Rob Saric: Define Your Minimum Viable Cashflow

Solvency First, Consistency Second, Growth Third
If you don’t have enough money to survive you die. It’s simple logic that most founders understand all too well. One of my mentors, who I respect tremendously, would always side with my argument that we need to do professional services to survive as a bootstrapped startup, and it was true. It wasn’t what we wanted to do – but it was, and still is, necessary. Most early-stage investors will sell you the story that you need to focus on your product and iterate until you get traction in a large market and never get distracted on product execution. I would argue that depending on your financial situation – you should focus on what I like to call ‘Minimum Viable Cashflow (MVC)’. Once you determine what the MVC is for both you and your team, work towards achieving that by whatever means you can. Consistency allows for predictability and the more predictable your business (‘X inputs results in Y outputs’) the faster you’ll grow.”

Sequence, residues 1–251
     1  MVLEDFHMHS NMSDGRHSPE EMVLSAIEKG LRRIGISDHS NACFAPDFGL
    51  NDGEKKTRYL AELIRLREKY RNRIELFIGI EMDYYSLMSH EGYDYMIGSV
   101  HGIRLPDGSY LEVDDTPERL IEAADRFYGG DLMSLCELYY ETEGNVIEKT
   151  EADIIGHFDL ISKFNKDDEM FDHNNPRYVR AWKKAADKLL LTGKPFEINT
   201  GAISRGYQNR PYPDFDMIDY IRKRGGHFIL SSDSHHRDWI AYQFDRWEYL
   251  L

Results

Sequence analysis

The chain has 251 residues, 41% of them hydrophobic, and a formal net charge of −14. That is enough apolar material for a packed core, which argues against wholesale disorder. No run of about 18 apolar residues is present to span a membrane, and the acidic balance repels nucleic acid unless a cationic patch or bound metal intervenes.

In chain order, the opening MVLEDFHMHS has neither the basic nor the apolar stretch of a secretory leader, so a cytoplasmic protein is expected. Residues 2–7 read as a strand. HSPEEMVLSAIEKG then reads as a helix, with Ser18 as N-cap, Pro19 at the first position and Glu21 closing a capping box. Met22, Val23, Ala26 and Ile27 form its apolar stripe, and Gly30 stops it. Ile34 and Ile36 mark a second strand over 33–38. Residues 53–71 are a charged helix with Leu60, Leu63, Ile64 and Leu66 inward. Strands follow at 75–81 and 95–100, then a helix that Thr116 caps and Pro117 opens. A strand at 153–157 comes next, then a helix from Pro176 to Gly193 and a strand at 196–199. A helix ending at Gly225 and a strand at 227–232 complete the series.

Rob Saric (@RobSaric) in “Startups Are Hard

We often talk about the “Work/Work” balance at Bootstrapper Breakfasts: you have to do work that keeps the team together and the lights on as you also work on product development and the primary new business you are building. Defining the minimum viable cashflow allows you to calculate the amount of freelance, consulting, or other “day job” work you need to put in to keep moving forward.

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